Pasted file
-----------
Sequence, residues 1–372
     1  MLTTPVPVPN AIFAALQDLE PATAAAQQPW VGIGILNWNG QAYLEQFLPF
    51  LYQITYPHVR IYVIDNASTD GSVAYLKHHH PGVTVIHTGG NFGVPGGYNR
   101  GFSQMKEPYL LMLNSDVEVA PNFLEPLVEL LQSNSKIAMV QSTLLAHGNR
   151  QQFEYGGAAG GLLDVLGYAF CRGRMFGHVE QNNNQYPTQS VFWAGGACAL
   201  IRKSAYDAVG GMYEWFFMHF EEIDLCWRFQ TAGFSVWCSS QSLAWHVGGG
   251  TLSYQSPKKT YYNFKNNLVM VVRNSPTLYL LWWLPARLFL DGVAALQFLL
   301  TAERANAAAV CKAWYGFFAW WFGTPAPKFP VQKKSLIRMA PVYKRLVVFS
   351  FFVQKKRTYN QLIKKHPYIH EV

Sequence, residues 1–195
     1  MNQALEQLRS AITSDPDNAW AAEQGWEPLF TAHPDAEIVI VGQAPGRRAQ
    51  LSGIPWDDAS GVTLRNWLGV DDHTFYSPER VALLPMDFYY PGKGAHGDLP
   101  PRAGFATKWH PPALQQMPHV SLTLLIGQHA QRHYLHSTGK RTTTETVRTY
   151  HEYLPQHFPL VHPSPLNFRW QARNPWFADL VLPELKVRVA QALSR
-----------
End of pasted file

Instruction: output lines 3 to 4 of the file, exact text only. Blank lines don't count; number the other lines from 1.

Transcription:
    51  LYQITYPHVR IYVIDNASTD GSVAYLKHHH PGVTVIHTGG NFGVPGGYNR
   101  GFSQMKEPYL LMLNSDVEVA PNFLEPLVEL LQSNSKIAMV QSTLLAHGNR